The Bush plan was submitted without fanfare to the Senate Foreign Relations Committee last month and public hearings are now scheduled for July 17.
But the proposed bill—dubbed the Benefits for Victims of International Terrorism Act—has stirred up a hornet’s nest of opposition from plaintiffs’ lawyers and some victims’ families. They argue the proposal is really designed to torpedo lawsuits aimed at holding foreign governments and businesses responsible for terrorist acts that kill Americans.
But administration officials argue they are trying to put some brakes—and fairness—into what has become a virtual runaway train of litigation in recent years over terrorist acts. Ever since Congress amended federal laws in 1996 to allow U.S. citizens to sue foreign governments for facilitating terrorist acts, more than 50 such lawsuits have been filed in U.S. courts—over everything from the 1979 Iranian hostage crisis to the 1993 bombing of a U.S. Marine barracks in Lebanon to the 1998 bombings of U.S. embassies in Africa.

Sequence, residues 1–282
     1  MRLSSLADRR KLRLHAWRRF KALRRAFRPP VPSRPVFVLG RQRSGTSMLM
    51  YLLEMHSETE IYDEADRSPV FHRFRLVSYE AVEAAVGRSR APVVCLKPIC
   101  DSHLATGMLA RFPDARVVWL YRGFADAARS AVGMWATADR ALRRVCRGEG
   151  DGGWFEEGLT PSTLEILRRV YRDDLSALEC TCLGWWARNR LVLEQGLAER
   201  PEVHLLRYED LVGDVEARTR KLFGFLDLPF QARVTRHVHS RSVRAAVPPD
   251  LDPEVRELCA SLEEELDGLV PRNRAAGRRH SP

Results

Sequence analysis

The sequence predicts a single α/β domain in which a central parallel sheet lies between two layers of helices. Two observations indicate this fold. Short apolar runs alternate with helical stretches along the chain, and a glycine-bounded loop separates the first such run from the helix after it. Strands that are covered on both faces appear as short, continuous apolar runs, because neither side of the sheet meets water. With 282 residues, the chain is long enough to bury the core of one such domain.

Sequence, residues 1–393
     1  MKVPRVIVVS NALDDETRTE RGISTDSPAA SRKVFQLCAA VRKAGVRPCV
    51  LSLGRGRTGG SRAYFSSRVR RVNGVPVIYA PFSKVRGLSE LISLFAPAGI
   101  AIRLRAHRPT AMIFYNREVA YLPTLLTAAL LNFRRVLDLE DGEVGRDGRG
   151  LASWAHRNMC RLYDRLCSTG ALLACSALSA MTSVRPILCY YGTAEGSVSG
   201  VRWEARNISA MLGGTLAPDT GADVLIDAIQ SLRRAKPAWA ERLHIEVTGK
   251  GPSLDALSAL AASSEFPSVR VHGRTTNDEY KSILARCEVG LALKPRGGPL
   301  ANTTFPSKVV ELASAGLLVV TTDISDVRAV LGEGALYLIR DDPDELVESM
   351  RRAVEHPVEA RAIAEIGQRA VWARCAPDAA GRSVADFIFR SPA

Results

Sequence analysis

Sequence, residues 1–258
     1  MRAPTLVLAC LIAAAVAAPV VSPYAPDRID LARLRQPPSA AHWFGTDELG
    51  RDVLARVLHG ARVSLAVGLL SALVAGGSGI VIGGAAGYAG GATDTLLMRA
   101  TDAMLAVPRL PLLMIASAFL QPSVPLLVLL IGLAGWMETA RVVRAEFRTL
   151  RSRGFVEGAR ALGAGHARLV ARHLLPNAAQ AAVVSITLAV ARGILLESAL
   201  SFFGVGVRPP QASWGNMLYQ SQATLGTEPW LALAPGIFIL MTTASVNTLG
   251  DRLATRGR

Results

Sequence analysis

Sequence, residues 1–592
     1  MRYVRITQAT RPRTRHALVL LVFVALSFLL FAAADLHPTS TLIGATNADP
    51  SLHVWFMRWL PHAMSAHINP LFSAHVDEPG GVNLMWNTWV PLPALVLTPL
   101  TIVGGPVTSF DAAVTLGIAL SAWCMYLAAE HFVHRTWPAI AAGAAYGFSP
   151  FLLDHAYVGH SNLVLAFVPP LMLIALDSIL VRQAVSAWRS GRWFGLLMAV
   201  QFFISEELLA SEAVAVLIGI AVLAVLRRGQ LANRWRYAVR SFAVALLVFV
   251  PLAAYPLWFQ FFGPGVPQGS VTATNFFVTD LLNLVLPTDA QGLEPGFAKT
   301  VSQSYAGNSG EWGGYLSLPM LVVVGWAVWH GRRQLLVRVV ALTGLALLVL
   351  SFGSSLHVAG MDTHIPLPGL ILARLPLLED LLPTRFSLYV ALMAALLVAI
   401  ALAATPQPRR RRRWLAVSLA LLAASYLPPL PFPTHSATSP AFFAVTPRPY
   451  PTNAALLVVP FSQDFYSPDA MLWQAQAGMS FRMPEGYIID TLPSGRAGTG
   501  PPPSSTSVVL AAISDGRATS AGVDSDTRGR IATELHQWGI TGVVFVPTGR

But, as is often the case with the U.S. legal system, the cases have proceeded with highly uneven results. Some have resulted in astronomical multimillion-dollar jury awards for the victims—with lucrative contingency fees for the plaintiff’s lawyers who handled them. But others have been tossed out on arcane legal grounds or are winding their way through the courts at a snail’s pace.